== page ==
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A Multi-Level Study of Managerial Control Influence on Self-Managed Team Innovativeness
KTH, School of Industrial Engineering and Management (ITM), Machine Design (Dept.), Integrated Product Development.ORCID iD: 0000-0002-9183-4355
KTH, School of Industrial Engineering and Management (ITM), Machine Design (Dept.), Integrated Product Development.ORCID iD: 0000-0002-6024-7908
2015 (English)In:  Academy of Management conference, 2015Conference paper, Published paper (Refereed)
Abstract [en]

In this study we investigate organizational control systems as the underpinnings of large organizations’ ability to perform after transition to a flattened and decentralized structure. We consider horizontal social control mechanisms on team level (concertive control induced by high team identification) and vertical bureaucratic managerial control mechanisms on organization level (interactive and diagnostic management control systems), and examine their combined influence on the innovativeness of self-managing product development teams in a large company. We utilize a rich empirical data set including a multilevel multi-source survey of the members of 97 organizational teams, their internal team managers, and their higher-level managers. In contrast to some prior research findings, we find a negative effect of team’s concertive control on team’s innovativeness . In addition, managerial interactive control systems fostering a more prestigious team’s organizational image seem to strengthen the negative effect of concertive control on team’s innovativeness, while in combination with diagnostic control systems, legitimizing current external organizational team’s image, the effect of concertive control becomes positive. Interestingly, our analysis suggests that as team’s concertive control increases, managerial control systems show a converse relationship in such a way that the diagnostic control reduces and the interactive control increases the negative influence of concertive control.

Place, publisher, year, edition, pages
2015.
National Category
Social Sciences
Identifiers
URN: urn:nbn:se:kth:diva-193565OAI: oai:DiVA.org:kth-193565DiVA: diva2:1017188
Conference
75th Annual Meeting of the Academy of Management
Note

QC 20161005

Available from: 2016-10-04 Created: 2016-10-04 Last updated: 2016-10-05Bibliographically approved
In thesis
1. Regulation and Self-Regulation of Team Learning and Innovation Activities
Open this publication in new window or tab >>Regulation and Self-Regulation of Team Learning and Innovation Activities
2016 (English)Doctoral thesis, comprehensive summary (Other academic)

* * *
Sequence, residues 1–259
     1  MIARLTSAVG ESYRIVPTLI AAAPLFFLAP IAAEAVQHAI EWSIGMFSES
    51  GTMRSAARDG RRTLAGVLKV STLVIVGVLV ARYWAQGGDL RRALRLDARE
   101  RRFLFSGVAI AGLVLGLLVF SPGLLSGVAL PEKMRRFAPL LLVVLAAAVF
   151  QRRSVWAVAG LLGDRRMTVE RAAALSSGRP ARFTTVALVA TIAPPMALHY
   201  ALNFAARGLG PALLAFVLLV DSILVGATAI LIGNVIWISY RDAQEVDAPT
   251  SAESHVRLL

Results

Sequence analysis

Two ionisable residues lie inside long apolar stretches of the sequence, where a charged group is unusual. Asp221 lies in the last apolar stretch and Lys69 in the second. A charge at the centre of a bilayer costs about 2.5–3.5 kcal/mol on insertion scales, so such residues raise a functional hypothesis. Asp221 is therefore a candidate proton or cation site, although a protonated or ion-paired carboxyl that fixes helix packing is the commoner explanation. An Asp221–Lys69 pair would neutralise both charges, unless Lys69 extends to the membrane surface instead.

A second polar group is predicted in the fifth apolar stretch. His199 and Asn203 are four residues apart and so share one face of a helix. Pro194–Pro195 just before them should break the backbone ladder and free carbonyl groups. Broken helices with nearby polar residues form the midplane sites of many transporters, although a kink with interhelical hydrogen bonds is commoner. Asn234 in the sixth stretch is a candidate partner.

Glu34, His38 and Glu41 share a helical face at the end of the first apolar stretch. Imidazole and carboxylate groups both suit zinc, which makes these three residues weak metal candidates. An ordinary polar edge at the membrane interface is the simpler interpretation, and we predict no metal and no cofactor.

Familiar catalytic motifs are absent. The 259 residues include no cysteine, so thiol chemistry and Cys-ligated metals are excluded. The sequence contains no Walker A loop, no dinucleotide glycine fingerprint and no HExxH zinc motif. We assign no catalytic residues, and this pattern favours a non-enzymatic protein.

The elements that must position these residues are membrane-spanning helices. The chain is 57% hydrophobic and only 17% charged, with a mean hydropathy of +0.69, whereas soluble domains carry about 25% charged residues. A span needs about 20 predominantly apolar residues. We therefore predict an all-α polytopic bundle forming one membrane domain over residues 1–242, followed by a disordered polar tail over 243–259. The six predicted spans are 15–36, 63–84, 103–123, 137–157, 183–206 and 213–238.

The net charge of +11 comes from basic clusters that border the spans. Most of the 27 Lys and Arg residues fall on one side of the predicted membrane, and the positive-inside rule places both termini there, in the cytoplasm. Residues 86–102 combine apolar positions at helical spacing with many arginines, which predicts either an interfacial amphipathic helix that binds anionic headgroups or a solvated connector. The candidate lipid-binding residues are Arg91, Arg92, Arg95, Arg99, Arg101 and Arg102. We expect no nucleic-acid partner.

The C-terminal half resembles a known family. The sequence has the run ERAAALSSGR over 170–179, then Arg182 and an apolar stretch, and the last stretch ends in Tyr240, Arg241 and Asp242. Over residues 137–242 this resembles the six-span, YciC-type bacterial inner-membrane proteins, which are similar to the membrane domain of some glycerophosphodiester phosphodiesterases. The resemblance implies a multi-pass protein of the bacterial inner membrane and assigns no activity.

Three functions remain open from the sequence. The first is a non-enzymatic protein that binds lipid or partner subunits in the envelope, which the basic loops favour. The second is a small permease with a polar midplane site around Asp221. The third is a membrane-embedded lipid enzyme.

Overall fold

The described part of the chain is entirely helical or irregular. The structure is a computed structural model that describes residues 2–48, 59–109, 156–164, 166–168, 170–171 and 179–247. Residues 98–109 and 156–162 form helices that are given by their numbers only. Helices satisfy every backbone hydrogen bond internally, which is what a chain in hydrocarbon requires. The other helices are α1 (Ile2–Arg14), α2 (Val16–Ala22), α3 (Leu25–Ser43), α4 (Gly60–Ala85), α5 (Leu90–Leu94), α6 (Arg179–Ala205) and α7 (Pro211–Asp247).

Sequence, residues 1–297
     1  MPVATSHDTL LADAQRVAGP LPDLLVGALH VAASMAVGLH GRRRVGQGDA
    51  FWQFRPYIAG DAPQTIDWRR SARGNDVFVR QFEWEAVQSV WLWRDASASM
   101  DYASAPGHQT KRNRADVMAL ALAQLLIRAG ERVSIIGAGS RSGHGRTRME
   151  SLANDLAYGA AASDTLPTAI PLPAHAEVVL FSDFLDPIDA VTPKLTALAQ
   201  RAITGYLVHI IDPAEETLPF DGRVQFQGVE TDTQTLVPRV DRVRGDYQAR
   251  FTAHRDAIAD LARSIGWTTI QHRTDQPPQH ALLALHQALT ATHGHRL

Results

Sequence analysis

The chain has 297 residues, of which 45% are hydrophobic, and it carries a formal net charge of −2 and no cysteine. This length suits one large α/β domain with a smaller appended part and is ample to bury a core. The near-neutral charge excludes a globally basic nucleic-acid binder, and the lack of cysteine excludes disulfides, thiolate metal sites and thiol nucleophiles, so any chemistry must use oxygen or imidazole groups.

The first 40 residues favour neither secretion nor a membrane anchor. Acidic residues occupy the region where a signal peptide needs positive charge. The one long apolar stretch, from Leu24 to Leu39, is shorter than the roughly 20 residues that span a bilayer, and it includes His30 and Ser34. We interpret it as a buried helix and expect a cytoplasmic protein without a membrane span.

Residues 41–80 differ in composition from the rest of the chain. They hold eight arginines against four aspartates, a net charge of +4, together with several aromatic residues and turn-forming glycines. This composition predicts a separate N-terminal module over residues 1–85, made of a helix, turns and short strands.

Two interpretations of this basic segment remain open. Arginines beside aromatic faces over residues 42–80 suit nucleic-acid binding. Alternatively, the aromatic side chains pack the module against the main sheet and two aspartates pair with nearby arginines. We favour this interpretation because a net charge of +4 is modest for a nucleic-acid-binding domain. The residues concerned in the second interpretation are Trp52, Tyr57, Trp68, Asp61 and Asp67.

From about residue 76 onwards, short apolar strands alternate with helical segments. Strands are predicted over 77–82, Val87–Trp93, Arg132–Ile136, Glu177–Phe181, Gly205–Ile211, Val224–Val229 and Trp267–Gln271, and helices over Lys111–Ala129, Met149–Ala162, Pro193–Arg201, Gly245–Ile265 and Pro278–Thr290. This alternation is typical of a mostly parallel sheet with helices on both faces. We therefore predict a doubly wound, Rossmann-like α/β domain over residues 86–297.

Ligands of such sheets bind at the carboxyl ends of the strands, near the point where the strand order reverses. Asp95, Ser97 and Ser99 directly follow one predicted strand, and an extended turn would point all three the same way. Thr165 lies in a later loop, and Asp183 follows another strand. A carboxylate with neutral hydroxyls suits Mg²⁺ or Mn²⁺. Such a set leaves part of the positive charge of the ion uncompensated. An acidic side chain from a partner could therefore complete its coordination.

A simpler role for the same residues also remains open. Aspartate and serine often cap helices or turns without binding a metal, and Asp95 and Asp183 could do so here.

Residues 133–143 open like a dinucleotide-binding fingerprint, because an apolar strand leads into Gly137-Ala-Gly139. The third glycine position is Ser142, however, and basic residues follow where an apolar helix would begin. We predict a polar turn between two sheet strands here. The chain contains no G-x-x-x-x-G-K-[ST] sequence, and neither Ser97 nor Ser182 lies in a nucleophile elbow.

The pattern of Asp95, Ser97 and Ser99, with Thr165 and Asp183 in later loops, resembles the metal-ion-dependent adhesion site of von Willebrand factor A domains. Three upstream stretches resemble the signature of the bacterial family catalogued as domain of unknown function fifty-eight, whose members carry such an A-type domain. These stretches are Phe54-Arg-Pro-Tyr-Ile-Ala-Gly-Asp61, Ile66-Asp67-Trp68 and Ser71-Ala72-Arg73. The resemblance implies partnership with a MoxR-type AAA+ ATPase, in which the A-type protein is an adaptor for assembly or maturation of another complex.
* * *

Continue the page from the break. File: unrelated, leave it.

Abstract [en]

Self-regulated learning and innovation activities within teams are those processes with which team members collectively activate and sustain cognition, affects and behaviors which are systematically oriented towards the achievement of their team’s goals. Although research on self-managing teams exists, there remains considerable confusion on many issues including what self-regulation is and how regulation of self-regulated learning and innovation activities is carried out. A primary contribution of this dissertation is to introduce a theoretical framework for analysing and applying regulative actions in organizational environment. The aim of this dissertation is to advance the understanding on how regulation of self- managing team learning and innovation activities can happen starting from an analysis of the self-regulative learning processes of individuals within teams and of their own determinants.  This dissertation has  three objectives: 1) to present internal team mechanisms involved in the self-regulation  of teams’ learning activities, their interactive dynamics and their corresponding major organisational determinants; 2) to rely on this novel understanding to detect relevant regulative actions which are able to indirectly influence teams’ self-regulatory learning and innovative behaviour; 3) to offer empirical evidence of how specific regulative actions affect team learning and innovation performance. We discover that there are four major constructs associated with the regulation of teams’ learning and innovation activities: feedback loops and goals equally combining learning and performance items, networks of influence made up of managers and stakeholders interacting with teams through systematic routines, training programmes for team members, dialectical perspective on learning and innovation to force in the managerial layers. 

Place, publisher, year, edition, pages
Stockholm: KTH Royal Institute of Technology, 2016. 173 p.
Series
TRITA-MMK, ISSN 1400-1179 ; 2016:06
National Category
Social Sciences
Research subject
Industrial Engineering and Management
Identifiers
urn:nbn:se:kth:diva-193568 (URN)978-91-7729-133-6 (ISBN)
Public defence
2016-10-18, Sal Gladan, Innovationsstudion, Brinellvägen 85, Stockholm, 13:00 (English)
Opponent
Supervisors
Note

QC 20161005

Available from: 2016-10-05 Created: 2016-10-04 Last updated: 2016-10-05Bibliographically approved

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